Now, these accomplishments that we have with our bodies are awesome. But there is so much more potential in the whole duration of our lives than just the things that we can do athletically. The things that we can do with our mind is sometimes as or more impressive than anything we were able to accomplish with our bodies in this short period of time that we're given in our youth. I know I'm still young, but looking forward, there is a diminishing return. There's just simply a point when you won't be able to do as much or go as fast as you were before. So, these people much like Roger I interview, as I said, comes out on Fridays. Subscribe to the channel.

I try my best to live my life without regrets. But if I have a regret, I guess I would say that I didn't have the opportunity to speak with Roger or have him on the show. Roger passed away in 2018 at the age of 88. So, he lived a very, very full life. And that comment isn't so much to say that, “Oh, I wish I had Roger Bannister on the show. And then it could be everything and people will watch and all of this…” No, that's not the thing. The thing is that I learn so much from the guests by just sitting and listening to them talk about their lives, talk about the things that they've done, and they've accomplished that it would be worth my time just to be able to speak with him. And the show is really only a pretense to do that.

So, here's the new thing for Runner's High this week, I have an assignment for you. I haven't done this before so I hope you'll follow with me and do this. Like I just said, I learned so much from listening to people that do all these things. But what you don't realize is that these kinds of people that live interesting lives live all around you. They may be a sibling, they may be a parent, they may be a child. It could be a friend or a co-worker, somebody you know tangentially but don't really know very well. Your assignment this week is to take somebody out to coffee.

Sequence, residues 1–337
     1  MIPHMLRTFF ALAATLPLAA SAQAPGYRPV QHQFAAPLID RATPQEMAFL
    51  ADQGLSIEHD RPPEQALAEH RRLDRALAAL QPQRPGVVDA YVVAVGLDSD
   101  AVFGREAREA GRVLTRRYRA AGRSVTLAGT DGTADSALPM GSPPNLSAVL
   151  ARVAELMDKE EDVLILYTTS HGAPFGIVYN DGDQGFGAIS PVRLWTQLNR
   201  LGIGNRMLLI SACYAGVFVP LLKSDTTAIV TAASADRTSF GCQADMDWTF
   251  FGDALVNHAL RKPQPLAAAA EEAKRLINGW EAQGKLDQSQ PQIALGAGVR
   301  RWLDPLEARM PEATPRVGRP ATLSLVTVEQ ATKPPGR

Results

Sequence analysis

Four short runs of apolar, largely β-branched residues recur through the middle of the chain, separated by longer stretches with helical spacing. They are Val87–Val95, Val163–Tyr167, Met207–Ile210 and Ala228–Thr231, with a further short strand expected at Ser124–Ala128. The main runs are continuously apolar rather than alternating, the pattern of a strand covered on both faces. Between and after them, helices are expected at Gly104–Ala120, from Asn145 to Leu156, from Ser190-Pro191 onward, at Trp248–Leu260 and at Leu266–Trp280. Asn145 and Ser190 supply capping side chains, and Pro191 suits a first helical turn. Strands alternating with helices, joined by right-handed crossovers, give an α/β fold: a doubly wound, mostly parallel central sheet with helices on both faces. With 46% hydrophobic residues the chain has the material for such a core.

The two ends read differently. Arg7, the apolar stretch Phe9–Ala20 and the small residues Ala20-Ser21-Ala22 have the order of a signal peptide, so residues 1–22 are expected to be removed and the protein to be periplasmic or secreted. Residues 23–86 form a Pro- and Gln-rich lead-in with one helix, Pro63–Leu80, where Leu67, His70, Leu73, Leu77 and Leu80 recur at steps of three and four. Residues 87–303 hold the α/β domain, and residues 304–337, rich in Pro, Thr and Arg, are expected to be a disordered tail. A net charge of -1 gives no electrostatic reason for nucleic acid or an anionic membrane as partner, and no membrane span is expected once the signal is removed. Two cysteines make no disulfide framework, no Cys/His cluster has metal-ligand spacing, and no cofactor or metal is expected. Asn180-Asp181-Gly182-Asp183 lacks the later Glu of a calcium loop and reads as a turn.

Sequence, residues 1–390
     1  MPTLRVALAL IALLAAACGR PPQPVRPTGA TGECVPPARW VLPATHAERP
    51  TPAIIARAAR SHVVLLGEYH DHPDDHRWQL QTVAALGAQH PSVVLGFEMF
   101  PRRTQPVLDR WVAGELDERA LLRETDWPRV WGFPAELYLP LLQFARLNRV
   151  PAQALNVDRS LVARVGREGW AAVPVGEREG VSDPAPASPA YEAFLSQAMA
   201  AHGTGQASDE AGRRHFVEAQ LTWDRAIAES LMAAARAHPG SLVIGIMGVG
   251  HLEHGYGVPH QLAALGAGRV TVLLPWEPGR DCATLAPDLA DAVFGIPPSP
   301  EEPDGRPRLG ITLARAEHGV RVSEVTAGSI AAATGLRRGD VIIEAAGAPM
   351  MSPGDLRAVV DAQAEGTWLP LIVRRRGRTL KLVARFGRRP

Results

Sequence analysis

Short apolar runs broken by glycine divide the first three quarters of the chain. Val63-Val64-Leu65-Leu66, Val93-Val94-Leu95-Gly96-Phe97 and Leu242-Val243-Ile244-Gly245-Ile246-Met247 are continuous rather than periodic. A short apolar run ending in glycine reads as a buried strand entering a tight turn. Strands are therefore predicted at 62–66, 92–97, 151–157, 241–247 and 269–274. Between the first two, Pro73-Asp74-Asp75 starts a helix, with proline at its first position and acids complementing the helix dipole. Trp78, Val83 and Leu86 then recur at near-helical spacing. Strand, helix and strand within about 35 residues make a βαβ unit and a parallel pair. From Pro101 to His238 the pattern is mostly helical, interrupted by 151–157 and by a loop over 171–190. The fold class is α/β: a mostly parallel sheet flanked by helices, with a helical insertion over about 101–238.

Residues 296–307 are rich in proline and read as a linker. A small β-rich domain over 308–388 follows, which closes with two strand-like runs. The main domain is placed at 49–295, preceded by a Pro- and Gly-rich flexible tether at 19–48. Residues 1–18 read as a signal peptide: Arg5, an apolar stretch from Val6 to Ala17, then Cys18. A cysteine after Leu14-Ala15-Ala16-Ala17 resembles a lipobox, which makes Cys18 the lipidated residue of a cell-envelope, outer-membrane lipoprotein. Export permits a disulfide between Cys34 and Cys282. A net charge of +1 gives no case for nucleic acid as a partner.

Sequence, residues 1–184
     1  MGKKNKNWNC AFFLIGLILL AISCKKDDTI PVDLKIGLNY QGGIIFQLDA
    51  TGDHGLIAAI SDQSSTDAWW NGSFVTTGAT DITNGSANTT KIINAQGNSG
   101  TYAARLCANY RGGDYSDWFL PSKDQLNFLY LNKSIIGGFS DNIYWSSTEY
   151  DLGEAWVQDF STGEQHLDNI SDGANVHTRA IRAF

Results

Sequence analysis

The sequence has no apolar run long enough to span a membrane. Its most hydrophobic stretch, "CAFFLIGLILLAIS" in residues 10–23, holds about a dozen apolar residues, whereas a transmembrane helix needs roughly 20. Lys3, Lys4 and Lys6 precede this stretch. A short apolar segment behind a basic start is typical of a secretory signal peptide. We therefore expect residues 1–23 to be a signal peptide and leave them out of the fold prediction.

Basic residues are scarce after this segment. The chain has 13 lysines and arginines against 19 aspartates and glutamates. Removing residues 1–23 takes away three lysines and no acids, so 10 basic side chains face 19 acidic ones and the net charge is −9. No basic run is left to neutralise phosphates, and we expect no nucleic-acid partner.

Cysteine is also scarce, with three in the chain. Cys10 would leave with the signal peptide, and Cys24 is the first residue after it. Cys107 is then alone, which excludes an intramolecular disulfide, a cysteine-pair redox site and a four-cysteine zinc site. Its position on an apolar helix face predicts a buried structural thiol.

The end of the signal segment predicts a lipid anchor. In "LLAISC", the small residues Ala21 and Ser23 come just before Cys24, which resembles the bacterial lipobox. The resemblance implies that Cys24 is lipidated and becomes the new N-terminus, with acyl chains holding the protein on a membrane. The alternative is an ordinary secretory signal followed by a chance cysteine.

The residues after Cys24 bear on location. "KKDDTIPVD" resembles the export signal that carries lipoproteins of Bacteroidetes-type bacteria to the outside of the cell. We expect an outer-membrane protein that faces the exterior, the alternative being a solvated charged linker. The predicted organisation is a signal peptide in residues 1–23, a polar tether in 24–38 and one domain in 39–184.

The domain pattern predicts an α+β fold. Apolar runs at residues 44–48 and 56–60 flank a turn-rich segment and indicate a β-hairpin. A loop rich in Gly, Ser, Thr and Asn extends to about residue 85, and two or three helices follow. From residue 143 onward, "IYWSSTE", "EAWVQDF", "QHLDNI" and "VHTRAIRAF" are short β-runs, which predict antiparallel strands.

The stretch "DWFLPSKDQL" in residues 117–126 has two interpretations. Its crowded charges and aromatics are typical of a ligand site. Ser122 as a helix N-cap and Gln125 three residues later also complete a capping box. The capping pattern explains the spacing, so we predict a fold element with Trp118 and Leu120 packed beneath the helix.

In this case, it could be a socially distant coffee. But find somebody to have a conversation with, could be over Zoom, Skype if that's what makes you comfortable. That's what I do for the show. So, it works perfectly fine. But sit down and just ask them about their lives. You know, just ask them about their hobbies, their work, the things they do, and really listen. You know, how did they get into the field of work that they're doing? Why are they making these decisions?

What you may not realize is that, although I try to highlight people on the show that are big names, or do fantastical things much like Roger, there are people in your life that do things that are amazing every day. And I don't mean that in a hyperbole kind of way. These small acts sometimes make big differences both to you, to me, and to the people around us, and they can help inspire us to be better people. So, that's my assignment for you this week. I probably won't have another assignment for you next week.

So, hopefully, you can do this one thing for me. Report back, leave in the comments below what is the story that you learn from the person that you sat down with? I think this will help you. And hopefully, in time you start to see how this parallels with running and the things that they teach you or they tell you or the things you've learned from their lives, how those can be applied to running because it's all circular. It all comes back together. So, I'll see you next time on the next episode of Runner’s High.